Generating an outline before working is not just a good idea, it is essential. Most of the thinking that goes into an essay should be done by the time the outline is written, so that when you actually sit down to write your essay from the outline, your writing is not a matter of formulating ideas in your mind but merely a matter of presenting those ideas in a coherent and persuasive manner.
Let me present a fictitious situation with following essay prompt:
For more than six hundred years-that is, since Magna Carta, in 1215–there has been no clearer principle of English or American constitutional law, than that, in criminal cases, it is not only the right and duty of juries to judge what are the facts, what is the law, and what was the moral intent of the accused.
~ Lysander Spooner.
Research the process of trial by jury in America and write a five paragraph essay confirming or refuting Lysander Spooner’s statement above.
A composition student may write an outline, which looks something like this:
“Trial by Jury”
1. Development of trial by jury throughout history.
2. Thesis: Trial by jury is a good idea.
II. Body of Essay
1. Explain what trial by jury is.
2. Explain the use of trial by jury throughout the world.
3. Give some alternative to trial by jury.
1. Explain why trial by jury is such a good idea.
2. Spooner’s quote about trial by jury system
This outline is too sketchy and too vague to bring about a focused and persuasive essay. Any student who wrote an essay based on this outline would not really know what he or she was really going to write about, not in general, nor in any specific sense.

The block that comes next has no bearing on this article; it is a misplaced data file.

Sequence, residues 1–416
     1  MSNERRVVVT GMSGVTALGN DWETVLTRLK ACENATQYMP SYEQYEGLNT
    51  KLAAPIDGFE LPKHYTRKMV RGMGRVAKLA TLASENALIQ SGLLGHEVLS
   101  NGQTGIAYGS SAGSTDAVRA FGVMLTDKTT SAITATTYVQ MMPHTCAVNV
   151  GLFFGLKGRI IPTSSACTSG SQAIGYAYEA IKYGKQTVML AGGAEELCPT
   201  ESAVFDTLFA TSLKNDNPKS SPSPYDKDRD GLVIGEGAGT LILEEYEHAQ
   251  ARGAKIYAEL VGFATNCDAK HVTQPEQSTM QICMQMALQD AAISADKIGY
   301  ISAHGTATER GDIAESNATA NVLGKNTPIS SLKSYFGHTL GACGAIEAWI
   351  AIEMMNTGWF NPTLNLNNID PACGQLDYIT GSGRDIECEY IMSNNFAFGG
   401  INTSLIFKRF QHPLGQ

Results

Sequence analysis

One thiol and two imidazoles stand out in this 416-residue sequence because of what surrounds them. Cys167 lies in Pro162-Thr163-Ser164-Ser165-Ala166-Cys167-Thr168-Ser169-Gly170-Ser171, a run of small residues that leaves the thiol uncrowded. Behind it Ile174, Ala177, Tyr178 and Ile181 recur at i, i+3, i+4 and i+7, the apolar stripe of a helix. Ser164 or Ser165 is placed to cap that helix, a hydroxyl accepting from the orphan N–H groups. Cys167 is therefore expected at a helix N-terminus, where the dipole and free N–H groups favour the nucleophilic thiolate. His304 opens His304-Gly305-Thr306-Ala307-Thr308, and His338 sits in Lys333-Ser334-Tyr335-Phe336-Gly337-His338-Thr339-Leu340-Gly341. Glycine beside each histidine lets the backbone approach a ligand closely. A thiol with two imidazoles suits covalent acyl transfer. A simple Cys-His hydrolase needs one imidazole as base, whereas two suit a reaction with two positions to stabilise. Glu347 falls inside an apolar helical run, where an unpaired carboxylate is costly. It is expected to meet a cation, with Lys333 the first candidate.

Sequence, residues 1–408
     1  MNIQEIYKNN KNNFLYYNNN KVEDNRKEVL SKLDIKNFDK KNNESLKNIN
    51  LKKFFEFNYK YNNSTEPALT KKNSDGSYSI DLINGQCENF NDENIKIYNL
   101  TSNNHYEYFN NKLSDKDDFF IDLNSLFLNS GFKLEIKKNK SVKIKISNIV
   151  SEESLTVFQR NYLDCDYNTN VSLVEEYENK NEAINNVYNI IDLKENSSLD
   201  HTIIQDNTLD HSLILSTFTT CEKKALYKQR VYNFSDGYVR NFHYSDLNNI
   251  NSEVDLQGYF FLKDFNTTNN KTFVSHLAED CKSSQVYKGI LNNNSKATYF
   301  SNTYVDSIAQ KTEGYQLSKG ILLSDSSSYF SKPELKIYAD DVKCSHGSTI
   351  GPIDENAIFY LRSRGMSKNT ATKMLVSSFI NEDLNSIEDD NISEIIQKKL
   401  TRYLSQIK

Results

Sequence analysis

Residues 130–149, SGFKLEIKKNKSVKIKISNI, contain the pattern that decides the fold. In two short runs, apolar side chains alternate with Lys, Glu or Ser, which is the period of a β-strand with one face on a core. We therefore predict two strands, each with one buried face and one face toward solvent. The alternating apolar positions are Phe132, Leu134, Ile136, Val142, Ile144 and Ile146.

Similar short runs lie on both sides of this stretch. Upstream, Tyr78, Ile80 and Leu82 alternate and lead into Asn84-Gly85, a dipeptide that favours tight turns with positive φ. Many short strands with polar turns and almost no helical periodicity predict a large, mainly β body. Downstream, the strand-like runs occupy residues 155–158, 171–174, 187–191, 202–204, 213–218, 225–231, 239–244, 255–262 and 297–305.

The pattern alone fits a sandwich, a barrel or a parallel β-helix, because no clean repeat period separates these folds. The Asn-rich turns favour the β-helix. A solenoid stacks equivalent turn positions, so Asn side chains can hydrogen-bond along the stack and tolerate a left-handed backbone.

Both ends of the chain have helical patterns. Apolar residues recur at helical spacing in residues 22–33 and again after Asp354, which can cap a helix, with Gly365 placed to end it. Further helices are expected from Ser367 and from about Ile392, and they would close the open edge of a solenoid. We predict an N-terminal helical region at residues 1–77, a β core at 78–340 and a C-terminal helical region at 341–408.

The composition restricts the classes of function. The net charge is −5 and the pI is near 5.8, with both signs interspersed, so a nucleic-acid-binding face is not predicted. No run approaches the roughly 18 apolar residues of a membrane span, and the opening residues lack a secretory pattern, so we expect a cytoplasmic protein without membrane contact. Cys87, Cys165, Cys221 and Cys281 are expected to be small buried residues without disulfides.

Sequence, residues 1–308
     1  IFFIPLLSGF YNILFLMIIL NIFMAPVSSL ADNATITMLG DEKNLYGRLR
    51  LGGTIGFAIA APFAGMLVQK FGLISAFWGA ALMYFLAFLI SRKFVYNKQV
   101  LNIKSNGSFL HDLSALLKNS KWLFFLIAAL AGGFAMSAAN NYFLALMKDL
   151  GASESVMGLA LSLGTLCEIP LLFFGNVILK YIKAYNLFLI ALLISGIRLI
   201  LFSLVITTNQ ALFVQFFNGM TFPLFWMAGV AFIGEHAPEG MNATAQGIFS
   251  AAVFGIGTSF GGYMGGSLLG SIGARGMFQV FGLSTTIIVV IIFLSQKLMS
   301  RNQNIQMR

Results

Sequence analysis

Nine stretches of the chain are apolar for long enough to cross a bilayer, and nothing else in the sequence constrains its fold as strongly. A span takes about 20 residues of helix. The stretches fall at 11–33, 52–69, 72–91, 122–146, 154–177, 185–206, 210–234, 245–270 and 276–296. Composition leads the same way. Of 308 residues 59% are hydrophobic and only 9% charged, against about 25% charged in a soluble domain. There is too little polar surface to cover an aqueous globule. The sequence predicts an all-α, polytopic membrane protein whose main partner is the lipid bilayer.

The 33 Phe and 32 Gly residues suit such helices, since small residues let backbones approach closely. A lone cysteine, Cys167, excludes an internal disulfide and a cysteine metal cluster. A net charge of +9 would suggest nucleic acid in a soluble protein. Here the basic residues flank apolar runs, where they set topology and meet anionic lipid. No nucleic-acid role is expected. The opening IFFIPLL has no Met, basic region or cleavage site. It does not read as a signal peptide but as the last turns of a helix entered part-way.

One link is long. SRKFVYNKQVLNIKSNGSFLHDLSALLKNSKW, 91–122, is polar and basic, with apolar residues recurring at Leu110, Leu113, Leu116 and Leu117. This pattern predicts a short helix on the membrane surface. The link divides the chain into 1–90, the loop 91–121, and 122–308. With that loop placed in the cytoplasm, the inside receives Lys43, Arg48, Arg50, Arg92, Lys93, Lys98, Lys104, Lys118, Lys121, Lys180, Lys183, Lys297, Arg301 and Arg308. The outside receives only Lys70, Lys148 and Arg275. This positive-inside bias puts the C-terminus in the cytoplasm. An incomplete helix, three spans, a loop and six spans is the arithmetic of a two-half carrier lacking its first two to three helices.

- The thesis statement is too vague, no criteria can be set up for evaluating whether something is a ‘good idea’.
- Each paragraph in the essay is so vague as to leave the student still wondering what he is going to write when he finally sets pen to paper or fingertips to keyboard.
- The essay does not ask for trial by jury throughout the world, it asks specifically that the student refute or confirm Spooner’s statement. Any thesis statement that does not confirm or refute Spooner has not answered the essay prompt.
Apart from not answering the essay prompt, the outline above has another fatal flaw. It does not perform the ‘office’ that an outline should perform. It does not serve as a blueprint for what the student is going to say, nor how he is going to say it. A student with a poor outine doubles his work and also the possibility of getting writer’s block. He has to both think about what he is going to say at the same time that he is trying to figure out how to say it when he gets down to the task of writing his paragraphs.
The outline should be written so well that it guides and serves the student through the essay writing process by laying out the arguments long before the student gets to the paragraph writing stage.
Let us look at how to achieve this, first by discussing how to write a strong thesis statement and then by discussing how to write a strong outline.
A Strong Thesis Statement
The thesis statement is the guiding sentence around which the essay revolves. A weak thesis statement such as “trial by jury is a good idea” is impossible to defend or refute definitively. We need to help our students focus that thesis statement down to something that can be demonstrated.
The first step is to boil the essay prompt down to a specific question that can be answered. In the prompt above Lysander Spooner says that it is the right and duty of juries in trials to judge the facts, the law, and the intent of the accused. The student is asked to confirm or refute Lysander Spooner’s statement that it is the right and duty of juries in trials to judge the facts, the law, and the intent of the accused. This essay prompt is then boiled down to the question.